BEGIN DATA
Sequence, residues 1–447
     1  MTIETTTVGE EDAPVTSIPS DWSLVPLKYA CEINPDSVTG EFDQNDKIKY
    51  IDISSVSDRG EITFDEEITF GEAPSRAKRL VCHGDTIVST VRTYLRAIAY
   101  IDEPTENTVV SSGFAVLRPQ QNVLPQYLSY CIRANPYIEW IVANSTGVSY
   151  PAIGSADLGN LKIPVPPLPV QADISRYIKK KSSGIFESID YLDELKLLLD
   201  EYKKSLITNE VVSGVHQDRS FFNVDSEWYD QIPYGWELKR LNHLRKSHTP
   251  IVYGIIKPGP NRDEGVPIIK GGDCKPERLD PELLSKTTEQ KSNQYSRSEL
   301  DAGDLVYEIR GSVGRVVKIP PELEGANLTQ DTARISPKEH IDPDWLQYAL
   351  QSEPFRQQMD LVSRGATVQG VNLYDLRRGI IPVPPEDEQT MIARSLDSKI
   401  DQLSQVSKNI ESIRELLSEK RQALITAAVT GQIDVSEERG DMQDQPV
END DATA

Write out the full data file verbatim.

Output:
Sequence, residues 1–447
     1  MTIETTTVGE EDAPVTSIPS DWSLVPLKYA CEINPDSVTG EFDQNDKIKY
    51  IDISSVSDRG EITFDEEITF GEAPSRAKRL VCHGDTIVST VRTYLRAIAY
   101  IDEPTENTVV SSGFAVLRPQ QNVLPQYLSY CIRANPYIEW IVANSTGVSY
   151  PAIGSADLGN LKIPVPPLPV QADISRYIKK KSSGIFESID YLDELKLLLD
   201  EYKKSLITNE VVSGVHQDRS FFNVDSEWYD QIPYGWELKR LNHLRKSHTP
   251  IVYGIIKPGP NRDEGVPIIK GGDCKPERLD PELLSKTTEQ KSNQYSRSEL
   301  DAGDLVYEIR GSVGRVVKIP PELEGANLTQ DTARISPKEH IDPDWLQYAL
   351  QSEPFRQQMD LVSRGATVQG VNLYDLRRGI IPVPPEDEQT MIARSLDSKI
   401  DQLSQVSKNI ESIRELLSEK RQALITAAVT GQIDVSEERG DMQDQPV